USA v. William Baker

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Opinion issued by court as to Appellant William Roland Baker. Decision: Affirmed. Opinion type: Non-Published. Opinion method: Per Curiam. The opinion is also available through the Court's Opinions page at this link http://www.ca11.uscourts.gov/opinions.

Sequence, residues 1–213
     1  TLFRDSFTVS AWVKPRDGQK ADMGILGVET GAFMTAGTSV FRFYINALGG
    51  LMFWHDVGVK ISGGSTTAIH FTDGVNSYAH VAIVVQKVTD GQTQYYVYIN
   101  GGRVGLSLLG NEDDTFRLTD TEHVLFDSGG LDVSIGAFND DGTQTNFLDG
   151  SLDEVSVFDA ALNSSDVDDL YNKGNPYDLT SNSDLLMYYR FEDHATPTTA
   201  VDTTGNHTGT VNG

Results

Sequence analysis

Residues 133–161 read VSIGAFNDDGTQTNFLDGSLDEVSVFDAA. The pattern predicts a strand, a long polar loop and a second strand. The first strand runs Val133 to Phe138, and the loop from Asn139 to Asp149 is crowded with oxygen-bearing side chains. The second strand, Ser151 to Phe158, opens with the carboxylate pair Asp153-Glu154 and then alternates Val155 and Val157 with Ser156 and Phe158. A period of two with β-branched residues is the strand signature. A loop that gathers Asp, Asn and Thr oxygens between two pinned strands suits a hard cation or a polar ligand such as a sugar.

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Case: 16-12102 Date Filed: 02/24/2017 Page: 1 of 10 [DO NOT PUBLISH] IN THE UNITED STATES COURT OF APPEALS FOR THE ELEVENTH CIRCUIT ________________________ No. 16-12102 Non-Argument Calendar ________________________ D.C. Docket No. 3:13-cr-00197-TJC-JBT-1 UNITED STATES OF AMERICA, Plaintiff-Appellee, versus WILLIAM ROLAND BAKER, Defendant-Appellant. ________________________ Appeal from the United States District Court for the Middle District of Florida ________________________ (February 24, 2017) Before HULL, WILSON, and MARTIN, Circuit Judges. PER CURIAM: William Baker appeals his convictions and sentence for two counts of possession of child pornography in violation of 18 U.S.C. §§ 2252(a)(4)(B) and Case: 16-12102 Date Filed: 02/24/2017 Page: 2 of 10 (b)(2). Baker raises four issues on appeal. First, he argues the district court abused its discretion by admitting evidence of his earlier guilty plea to lewd and lascivious conduct of a child under 16 in which the state court withheld adjudication. Second, he argues the district court abused its discretion by not granting him a mistrial after the government elicited testimony that he was a registered sex offender. Third, he argues he was entitled to a judgment of acquittal because the government failed to prove he knowingly possessed child pornography. Last, he argues the district court erred in enhancing his sentence by counting his guilty plea with adjudication withheld to lewd and lascivious conduct on a minor as a conviction under 18 U.S.C. § 2252(b)(2). After careful review, we affirm the district court. I. In March 2013, law enforcement agents identified an IP address in Jacksonville, Florida, that was sharing files identified as child pornography by the National Center for Missing and Exploited Children. Agents connected to the computer using that IP address and downloaded three images and one video of child pornography. Comcast, the owner of the IP address, was subpoenaed. Comcast provided the government with Baker’s name and home address as the subscriber using that IP address. A criminal background check showed that in 2 Case: 16-12102 Date Filed: 02/24/2017 Page: 3 of 10 1995, Baker pleaded guilty to lewd and lascivious conduct involving a child under 16 in Florida. Based on that information, the agents secured a search warrant and executed it in May 2013. They found two laptops in Baker’s home, a Dell and an HP. The Dell laptop computer had 106 images of child pornography on it. The HP laptop computer had 232 images of child pornography in unallocated file space. 1 It had also been used to search for terms suggestive of child pornography on a filesharing program. While the search occurred, two agents went to Baker’s workplace to interview him. Baker told them he was the only person who used his laptop; that it was password protected; and that only he knew the password. He also said he used the file-sharing program that had led investigators to his home. However, Baker said he had been set up for the child pornography on his computer. Baker was charged and convicted of two counts of possession of child pornography—one count for each laptop. As relevant to this appeal, Baker objected to two uses of his Florida 1995 guilty plea with adjudication withheld to lewd and lascivious conduct involving a child under 16. Baker argued the plea did not constitute a conviction under Florida law. As a result, he first objected to the 1 This means the images were not currently accessible to the user, but had been on the laptop at some point. See United States v. Pruitt, 638 F.3d 763, 765 n.2 (11th Cir. 2011) (per curiam). Investigators used special forensic software to look at these parts of Baker’s HP laptop computer to find files that were deleted or saved only temporarily. 3 Case: 16-12102 Date Filed: 02/24/2017 Page: 4 of 10 plea’s introduction as propensity evidence—that is, evidence that he acted in accordance with his previous conduct. See Fed. R. Evid. 404. The district court overruled this objection, but limited the introduction of this evidence to the fact of the plea itself instead of its underlying details. Second, Baker objected to the district court’s use of 18 U.S.C. § 2252(b)(2)’s sentencing enhancement for anyone convicted of § 2252(a)(4) who “has a prior conviction . . . under the laws of any State relating to aggravated sexual abuse, sexual abuse, or abusive sexual conduct involving a minor.” 18 U.S.C. § 2252(b)(2). The district court overruled this objection after reviewing this Court’s precedent. II. Baker argues the district court erred by admitting evidence of his 1995 guilty plea without adjudication to lewd and lascivious conduct of a child under 16. We review the district court’s evidentiary rulings for an abuse of discretion. United States v. Woods, 684 F.3d 1045, 1062 n.17, 1064–65 (11th Cir. 2012) (per curiam). Baker says his 1995 guilty plea was not a conviction, and therefore should not have been admitted as propensity evidence. This argument is misplaced. Whether this plea was a conviction is relevant to Baker’s sentencing enhancement, discussed below, but not to the evidentiary issue here. Baker does not dispute that he committed an act of “child molestation” within the definition of Rule 414. The 4 Case: 16-12102 Date Filed: 02/24/2017 Page: 5 of 10 district court properly relied on Rule 414 to except this evidence from Rule 404’s general prohibition against propensity evidence. Baker then says that in any event, the district court wrongly weighed the prejudicial effect of this evidence against its probative value under Rule 403. The record shows, however, that the district court carefully weighed this evidence before admitting it. The court recognized the risk of prejudice to Baker, but because the government was allowed to introduce only the fact of the plea and not its underlying details, the court determined the plea did not create a risk of unfair prejudice that would substantially outweigh its probative value. See Fed. R. Evid. 403. Therefore, the district court did not abuse its discretion. III. Baker next argues the district court erred when it denied his motion for a mistrial. We review the denial of a motion for a mistrial for an abuse of discretion. United States v. McGarity, 669 F.3d 1218, 1232 (11th Cir. 2012). “A mistrial should be granted if the defendant’s substantial rights are prejudicially affected.” United States v. Newsome, 475 F.3d 1221, 1227 (11th Cir. 2007) (per curiam). Prejudice occurs when there is a reasonable probability that, but for the objected-to error, the outcome of the trial would have been different. See id. And if the district court gives a curative instruction, the reviewing court may reverse only if 5 Case: 16-12102 Date Filed: 02/24/2017 Page: 6 of 10 the evidence is so highly prejudicial that the instruction could not cure it. United States v. Bender, 290 F.3d 1279, 1284 (11th Cir. 2002). Baker says the government went beyond the district court’s ruling to introduce just the fact of his 1995 guilty plea without its underlying details. He points to where the government elicited testimony that he was registered as a sex offender in Florida. After that testimony, Baker immediately moved for a mistrial. The district court denied Baker’s motion, later saying if it was error at all, it did “not rise to any level of a mistrial.” And in any event, the court immediately instructed the jury to disregard that testimony. This Court assumes that juries follow the district court’s instructions. United States v. Kennard, 472 F.3d 851, 858 (11th Cir. 2006). Because Baker has not shown this testimony was so highly prejudicial that the instruction could not cure it, we conclude the district court did not abuse its discretion. See Bender, 290 F.3d at 1284. IV. Baker’s third claim is that the district court erred by not granting his motions for a judgment of acquittal at the end of the government’s case and at the end of the entire trial. We review de novo whether the evidence in the record is sufficient to support the denial of a motion for judgment of acquittal. United States v. Chafin, 808 F.3d 1263, 1268 (11th Cir. 2015). “We examine the evidence in the light most favorable to the government and resolve all reasonable inferences and 6 Case: 16-12102 Date Filed: 02/24/2017 Page: 7 of 10 credibility issues in favor of the guilty verdicts.” Id. (quotation omitted and alteration adopted). We will overturn the jury’s verdict only if no reasonable trier of fact could find guilt beyond a reasonable doubt. Id. Baker says the government did not prove beyond a reasonable doubt that he “knowingly” possessed child pornography as required by the statute he was convicted of, 18 U.S.C. § 2252(a)(4)(B). He says the Dell laptop was “effectively inoperable”; the HP laptop could be accessed by anyone without a password; and the government had to use special software to access the child pornography files he was charged with possessing on both computers. Because of all this, Baker asserts the government did not have sufficient evidence to show he had the required mental state to support his convictions. The jury was free to accept Baker’s claim, but rejected it in favor of the government’s case when it arrived at its verdict. See United States v. Jiminez, 564 F.3d 1280, 1285 (11th Cir. 2009). Section 2252(a)(4)(B)’s knowledge element requires the government to prove Baker knew the images in his possession showed minors engaging in sexually explicit conduct. See United States v. AlfaroMoncada, 607 F.3d 720, 733 (11th Cir. 2010). This Court has held that the knowledge element may be proved by circumstantial evidence in the record of online search terms related to child pornography and images found in a computer’s unallocated space if other evidence also supports the conviction. United States v. 7 Case: 16-12102 Date Filed: 02/24/2017 Page: 8 of 10 Pruitt, 638 F.3d 763, 765, 767 (11th Cir. 2011) (per curiam). In Baker’s case, the government presented the same type of evidence, and also introduced the 1995 guilty plea as propensity evidence; evidence that only Baker used the HP laptop computer; and that the Dell laptop contained child pornography files. Cf. id. We conclude this record presented a reasonable basis for the jury’s verdict. See Chafin, 808 F.3d at 1268. The district court did not err in denying Baker’s motions for judgment of acquittal. V. Last, Baker argues his 1995 guilty plea without adjudication does not constitute a “conviction” under 18 U.S.C. § 2252(b)(2). “We review de novo questions of statutory interpretation.” United States v. Maupin, 520 F.3d 1304, 1306 (11th Cir. 2008) (per curiam). Section 2252(b)(2) says: Whoever violates . . . paragraph (4) of subsection (a) shall be fined under this title or imprisoned not more than 10 years, or both, but if . . . such person has a prior conviction . . . under the laws of any State relating to . . . abusive sexual conduct involving a minor or ward, . . . such person shall be fined under this title and imprisoned for not less than 10 years nor more than 20 years. The district court found Baker’s 1995 guilty plea without adjudication constituted a “conviction” for the purposes of this statute. The court imposed the mandatory minimum of ten years as Baker’s sentence. 8 Case: 16-12102 Date Filed: 02/24/2017 Page: 9 of 10 Baker points to this Court’s decision in United States v. Clarke, 780 F.3d 1131 (11th Cir. 2015) (per curiam), in which we certified a question to the Florida Supreme Court asking whether “a guilty plea for a felony for which adjudication was withheld” qualified as a conviction under Florida law. Id. at 1133. The Florida Supreme Court held that for the purposes of Fla. Stat. § 790.23 (felon in possession of a firearm), a guilty plea without adjudication did not constitute a “conviction” under Florida law. Clarke v. United States, 184 So.3d 1107, 1116 (Fla. 2016). Baker says the reasoning from Clarke should apply to his case. Baker acknowledges this Court’s decisions in Maupin and United States v. Mejias, 47 F.3d 401 (11th Cir. 1995) (per curiam), have already addressed his claim. In Mejias, this Court held a nolo contendere plea where adjudication was withheld constituted a “conviction” for the purposes of 21 U.S.C. § 841(b)(1)(B). 47 F.3d at 404. The Mejias panel said “[t]he meaning of the word ‘conviction’ in a federal statute is a question of federal law unless Congress provides otherwise.” Id. at 403. Applying Mejias, this Court held in Maupin that a nolo contendere plea with adjudication withheld constituted a “conviction” for the purposes of 18 U.S.C. § 2252A(b). 520 F.3d at 1308. The Maupin panel pointed out that what constituted a “conviction” for § 2252A(b) was a question of federal law instead of state law, distinguishing statutes like 18 U.S.C. § 922(g)(1) that specifically rely on state law. See id. at 1307. 9 Case: 16-12102 Date Filed: 02/24/2017 Page: 10 of 10 In Clarke, this Court was interpreting what constituted a “conviction” under § 922(g)(1), which Congress says “shall be determined in accordance with the law of the jurisdiction in which the proceedings were held.” 780 F.3d at 1132 (quoting 18 U.S.C. § 921(a)(20)). Baker was not convicted under § 922(g)(1), but § 2252(a)(4)(B) and (b)(2). Like Maupin and Mejias, “the statute at issue here does not provide the jurisdiction in which the proceedings were held should determine whether an offense constitutes a prior conviction.” See Maupin, 520 F.3d at 1307. Baker also acknowledges that Maupin interpreted § 2252A, which has nearly identical language to the § 2252(a), and forecloses his claim. However, he says Clarke suggests Maupin was incorrectly decided and asks us to revisit the decision in light of what the Florida Supreme Court has recently said. But because Maupin did not rely on state law in reaching its holding, we are bound by our prior panel precedent “unless and until [it is] overruled en banc or by the Supreme Court.” United States v. Smith, 122 F.3d 1355, 1359 (11th Cir. 1997) (per curiam). As a result, the district court correctly followed our precedent and we affirm Baker’s convictions and sentence. AFFIRMED. 10